Shouldn't that have been done FIRST?


RE: Nany State Justification
By schrodog on 6/8/2011 2:14:13 PM , Rating: 2
Yes, but when has government ever gotten anything right the first time?


RE: Nany State Justification
By Reclaimer77 on 6/8/2011 2:17:26 PM , Rating: 2
I'm not understanding your argument, but yes I agree, they didn't get it right.


RE: Nany State Justification
By adiposity on 6/8/2011 3:34:50 PM , Rating: 2
quote:
Because they rob us of due process and the right to face our accusers


The first part is the worst. You receive a ticket, told you are guilty, and expected to pay the fine. They don't even compare the photo to your DMV photo, to verify that it was you!

Police make mistakes all the time and people get arrested and charged. But until they PROVE the person did it, in court, they cannot institute a fine or punishment. But with these cameras, they can and do institute a fine, leaving you with the burden of proving your innocence within a certain time frame.

Granted, if a cop pulls you over, you probably have a 99% chance of having to pay the fine whether he's right or wrong. But at least you get your day in court, to watch the police state at work! :)


RE: Nany State Justification
By Reclaimer77 on 6/8/2011 3:42:26 PM , Rating: 2
Exactly! Thank you sir, I salute you.

It's just common sense, really. Not sure why regular citizens are duped into going along with this crap...


RE: Nany State Justification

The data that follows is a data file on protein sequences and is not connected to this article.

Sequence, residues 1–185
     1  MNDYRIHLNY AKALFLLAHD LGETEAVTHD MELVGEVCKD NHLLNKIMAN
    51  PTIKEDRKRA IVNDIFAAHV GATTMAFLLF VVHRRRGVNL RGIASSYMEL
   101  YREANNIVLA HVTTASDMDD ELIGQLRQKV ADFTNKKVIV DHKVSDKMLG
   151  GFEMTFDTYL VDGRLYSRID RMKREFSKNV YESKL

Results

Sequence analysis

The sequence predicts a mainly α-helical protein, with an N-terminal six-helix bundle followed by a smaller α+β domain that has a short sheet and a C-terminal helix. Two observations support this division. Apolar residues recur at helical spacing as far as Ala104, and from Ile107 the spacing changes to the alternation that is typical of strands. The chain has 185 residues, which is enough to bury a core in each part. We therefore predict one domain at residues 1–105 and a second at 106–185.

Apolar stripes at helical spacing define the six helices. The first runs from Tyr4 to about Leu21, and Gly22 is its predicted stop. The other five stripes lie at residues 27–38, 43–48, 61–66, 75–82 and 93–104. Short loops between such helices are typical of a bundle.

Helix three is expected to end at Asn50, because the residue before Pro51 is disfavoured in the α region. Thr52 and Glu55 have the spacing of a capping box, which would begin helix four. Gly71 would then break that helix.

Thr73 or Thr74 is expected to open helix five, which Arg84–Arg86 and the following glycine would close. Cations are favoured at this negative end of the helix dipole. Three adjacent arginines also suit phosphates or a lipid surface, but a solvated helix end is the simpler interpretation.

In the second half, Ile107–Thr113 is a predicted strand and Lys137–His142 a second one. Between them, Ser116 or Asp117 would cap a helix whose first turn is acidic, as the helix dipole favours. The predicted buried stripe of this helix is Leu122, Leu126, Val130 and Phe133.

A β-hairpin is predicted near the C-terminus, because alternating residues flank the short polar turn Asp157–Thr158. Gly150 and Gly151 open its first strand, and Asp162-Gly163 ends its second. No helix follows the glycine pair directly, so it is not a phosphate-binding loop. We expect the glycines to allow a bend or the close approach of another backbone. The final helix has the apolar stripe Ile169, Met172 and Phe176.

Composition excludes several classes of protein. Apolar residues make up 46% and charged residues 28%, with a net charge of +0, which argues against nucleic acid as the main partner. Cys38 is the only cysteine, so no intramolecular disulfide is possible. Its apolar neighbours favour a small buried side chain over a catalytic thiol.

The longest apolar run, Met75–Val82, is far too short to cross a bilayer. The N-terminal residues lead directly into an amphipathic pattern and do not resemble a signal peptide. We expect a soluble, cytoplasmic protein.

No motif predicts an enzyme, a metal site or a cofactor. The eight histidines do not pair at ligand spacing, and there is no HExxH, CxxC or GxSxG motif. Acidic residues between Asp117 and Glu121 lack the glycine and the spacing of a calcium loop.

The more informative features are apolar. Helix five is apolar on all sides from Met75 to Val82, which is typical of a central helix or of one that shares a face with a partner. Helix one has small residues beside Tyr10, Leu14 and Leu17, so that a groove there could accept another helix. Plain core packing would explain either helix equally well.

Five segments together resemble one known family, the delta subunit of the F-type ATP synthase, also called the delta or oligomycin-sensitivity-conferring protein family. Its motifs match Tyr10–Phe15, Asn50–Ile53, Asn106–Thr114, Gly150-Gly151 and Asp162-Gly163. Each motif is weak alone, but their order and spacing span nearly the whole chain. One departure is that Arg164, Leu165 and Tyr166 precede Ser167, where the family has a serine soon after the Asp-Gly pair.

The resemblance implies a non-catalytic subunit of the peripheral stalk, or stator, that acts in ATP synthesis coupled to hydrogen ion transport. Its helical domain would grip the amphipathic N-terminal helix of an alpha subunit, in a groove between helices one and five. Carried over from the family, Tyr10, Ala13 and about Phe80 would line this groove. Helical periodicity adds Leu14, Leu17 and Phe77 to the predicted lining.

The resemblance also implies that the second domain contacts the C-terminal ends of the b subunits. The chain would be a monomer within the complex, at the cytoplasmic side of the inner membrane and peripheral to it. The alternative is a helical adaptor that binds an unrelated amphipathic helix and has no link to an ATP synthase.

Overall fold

By Spookster on 6/8/2011 7:01:04 PM , Rating: 2
Here in Cedar Rapids Iowa every photo/video clip taken from the Red Light Camera and Speeding Cameras is reviewed by a police officer before a citation is issued and mailed. And if you wish to contest it you can contact the police department and they will schedule you in for a hearing and will have the photo/video evidence at your hearing so that you may dispute what is seen in it. But go ahead and continue your anti-redlight fear mongering by spreading false or misleading information.


RE: Nany State Justification
By adiposity on 6/8/2011 7:39:42 PM , Rating: 2
quote:
Here in Cedar Rapids Iowa every photo/video clip taken from the Red Light Camera and Speeding Cameras is reviewed by a police officer before a citation is issued and mailed. And if you wish to contest it you can contact the police department and they will schedule you in for a hearing and will have the photo/video evidence at your hearing so that you may dispute what is seen in it. But go ahead and continue your anti-redlight fear mongering by spreading false or misleading information.